You should also decide on whether your customer journey map should visualise the AS-IS-state (i e the current state) or the TO-BE-state (the desired future scenario). However you decide, it might be good to know that in Custellence, you can have both the AS-IS and the TO-BE-scenatior in one map. (We’ll get to that below).

Tip! Create the AS-IS and then add the future states/scenarios in your map. This way you don’t have to toggle between any AS-IS and TO-BE maps during the development. Also, TO-BE maps tend to build too high expectations, which are hard to reach within normal team efforts and budgets.

5. Create lanes and sub-lanes

Start to build the map architecture. Start with the horisontal lanes. Make sure that the top lanes always contain customer phases and activities. The further down you go vertically, you may add touchpoints and the backstage (internal processes). A professional customer journey should always consist of: Customer phases, customer activities, customer needs, and the emotional curve. That is a basic setup that suits most organisations.


Tip! Check out our templates, if you don’t want to start from scratch! This short 1 minute video explains how you create lanse, cards, curves and sublanes.

6. The cards

Consider the cards as “headlines” in Custellence where you briefly describe the customers situations and activities connected to those situations. They go from left to right. And further down in the map, use the same principle when describing the internal processes and activities.


Tip! When writing on the cards, it is good to ask yourself questions like “what situation is the customer in right now? Or, “what activity does the customer do?” i. e. searching for information (activity), getting ill (situation)

7. The Curves

Curves are great for describing the emotional state of the customer at each activity or situation. Further down you can also use the curve lanes for visualizing other things such as internal costs/ savings/feasability for instance.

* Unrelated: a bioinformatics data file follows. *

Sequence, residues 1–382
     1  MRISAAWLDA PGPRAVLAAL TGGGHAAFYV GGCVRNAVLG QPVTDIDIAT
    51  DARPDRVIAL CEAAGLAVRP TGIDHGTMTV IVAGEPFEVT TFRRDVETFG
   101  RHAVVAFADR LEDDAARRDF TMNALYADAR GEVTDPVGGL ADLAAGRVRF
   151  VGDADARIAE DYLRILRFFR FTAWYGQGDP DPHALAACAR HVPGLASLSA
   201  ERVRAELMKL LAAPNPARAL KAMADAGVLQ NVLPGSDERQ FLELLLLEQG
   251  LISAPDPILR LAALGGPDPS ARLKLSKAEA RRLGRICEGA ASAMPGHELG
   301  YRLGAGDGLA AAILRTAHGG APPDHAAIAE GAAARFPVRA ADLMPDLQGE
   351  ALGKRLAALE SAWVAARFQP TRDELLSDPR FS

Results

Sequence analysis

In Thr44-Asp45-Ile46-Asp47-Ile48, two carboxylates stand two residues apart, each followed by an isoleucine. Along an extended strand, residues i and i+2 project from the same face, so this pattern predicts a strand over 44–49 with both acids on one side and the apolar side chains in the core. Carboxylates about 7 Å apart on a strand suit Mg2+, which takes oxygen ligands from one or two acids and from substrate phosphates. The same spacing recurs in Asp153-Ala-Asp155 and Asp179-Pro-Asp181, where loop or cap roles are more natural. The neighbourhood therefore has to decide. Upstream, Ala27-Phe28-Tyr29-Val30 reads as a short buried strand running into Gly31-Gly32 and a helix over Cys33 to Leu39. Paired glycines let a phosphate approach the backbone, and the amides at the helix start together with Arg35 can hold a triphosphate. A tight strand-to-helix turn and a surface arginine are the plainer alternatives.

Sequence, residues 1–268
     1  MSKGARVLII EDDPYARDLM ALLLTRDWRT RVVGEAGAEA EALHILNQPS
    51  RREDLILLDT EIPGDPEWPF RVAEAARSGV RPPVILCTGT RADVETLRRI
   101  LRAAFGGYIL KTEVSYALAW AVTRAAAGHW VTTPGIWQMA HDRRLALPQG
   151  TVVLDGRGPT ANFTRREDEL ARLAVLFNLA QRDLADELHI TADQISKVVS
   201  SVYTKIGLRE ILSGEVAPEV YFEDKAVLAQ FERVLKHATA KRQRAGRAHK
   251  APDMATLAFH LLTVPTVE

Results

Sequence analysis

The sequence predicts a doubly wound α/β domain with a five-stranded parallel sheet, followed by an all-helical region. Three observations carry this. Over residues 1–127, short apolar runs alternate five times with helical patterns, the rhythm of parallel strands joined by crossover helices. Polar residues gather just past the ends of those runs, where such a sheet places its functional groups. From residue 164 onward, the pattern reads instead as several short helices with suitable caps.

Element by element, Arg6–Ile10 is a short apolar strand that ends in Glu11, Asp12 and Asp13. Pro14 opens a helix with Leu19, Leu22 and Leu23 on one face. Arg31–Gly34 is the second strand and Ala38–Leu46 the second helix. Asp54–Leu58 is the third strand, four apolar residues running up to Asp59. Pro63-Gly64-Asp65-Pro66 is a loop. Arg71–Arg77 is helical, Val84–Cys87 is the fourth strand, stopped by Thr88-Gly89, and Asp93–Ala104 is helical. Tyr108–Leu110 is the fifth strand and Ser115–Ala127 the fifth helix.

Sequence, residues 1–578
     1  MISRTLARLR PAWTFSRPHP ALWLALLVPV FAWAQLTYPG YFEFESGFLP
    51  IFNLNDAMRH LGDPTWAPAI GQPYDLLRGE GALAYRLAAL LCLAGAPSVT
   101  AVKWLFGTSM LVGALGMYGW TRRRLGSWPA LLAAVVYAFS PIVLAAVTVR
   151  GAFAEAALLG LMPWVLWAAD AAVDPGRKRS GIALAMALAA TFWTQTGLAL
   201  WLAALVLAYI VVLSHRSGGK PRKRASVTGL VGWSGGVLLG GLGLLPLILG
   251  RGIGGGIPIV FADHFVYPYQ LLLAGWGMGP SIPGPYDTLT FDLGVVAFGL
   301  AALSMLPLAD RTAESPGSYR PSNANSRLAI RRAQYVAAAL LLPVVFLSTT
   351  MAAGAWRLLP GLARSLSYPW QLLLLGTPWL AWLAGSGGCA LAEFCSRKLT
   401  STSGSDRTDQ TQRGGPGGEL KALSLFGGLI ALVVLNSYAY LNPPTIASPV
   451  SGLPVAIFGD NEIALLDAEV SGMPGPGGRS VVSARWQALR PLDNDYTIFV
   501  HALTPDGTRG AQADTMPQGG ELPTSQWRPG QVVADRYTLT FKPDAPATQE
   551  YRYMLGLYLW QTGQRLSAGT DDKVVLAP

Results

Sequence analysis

8. Sub-lanes and subcards

For the details, such as descriptions, quotes, pictures or other data, use sub-lanes and sub-cards. This way you will be able to show and hide details according to who you are presenting the map for.


Now you have a framework you can either print a canvas to run a workshop. Here is a guide on how to run a customer journey workshop. Or, If you want to save the time - use your Custellence map structure during the workshop.

9. Placing content, data and insights on the journey map

A common question here is how much “customer true” insights you need? We recommend that you to start with your assumptions, and then build from there. Don´t wait until you have enough insights. Just start mapping the assumptions that you have about what the customer goes through. By doing so you will not only get a good starting-point for further mapping, you will also help your colleagues to get into a customer mindset, which is of great value. Also, you probably already have a bunch of different research laying around that can be gathered. Once this is done, it will be clear what kind of insights you lack.

  • Customer phases: Start by creating cards that represents before, during and after in the top lane.
  • Customer journey: This is the next level below the Customer phases, and where you go into more detail. In this lane, describe all the activities that the customer goes through. For example, waiting for an answer, or receiving a letter.
  • Customer needs: Connected to each activity above, describe the customer’s need during this activity.
  • Emotional curve: Describe the customer’s emotional state connected to each activity. If the customer is happy the curve goes up, and vice versa.
  • Potential opportunities- After having mapped the Customer Journey, the needs and emotions, you will be able to map the potential opportunities. Where are the opportunities for change? Look for places where the emotional curve (no 4) is low. If solving or improving this customer need while also benefiting the business or solve a business need, you have a perfect opportunity to create profitable and customer centric change.
  • Ideas & Solutions: Its ideation time! In this lane you place all the ideas and solutions you can you come up with to solve the opportunities you discovered in the lane above (no 5). There are many ways to be creative, brainstorming is one of the most common ways.

Tip! Trying to figure out the starting point of a customer journey can sometimes be tricky. It is easier to instead start somewhere in the middle and then work your way back and forth from there as you map the journey.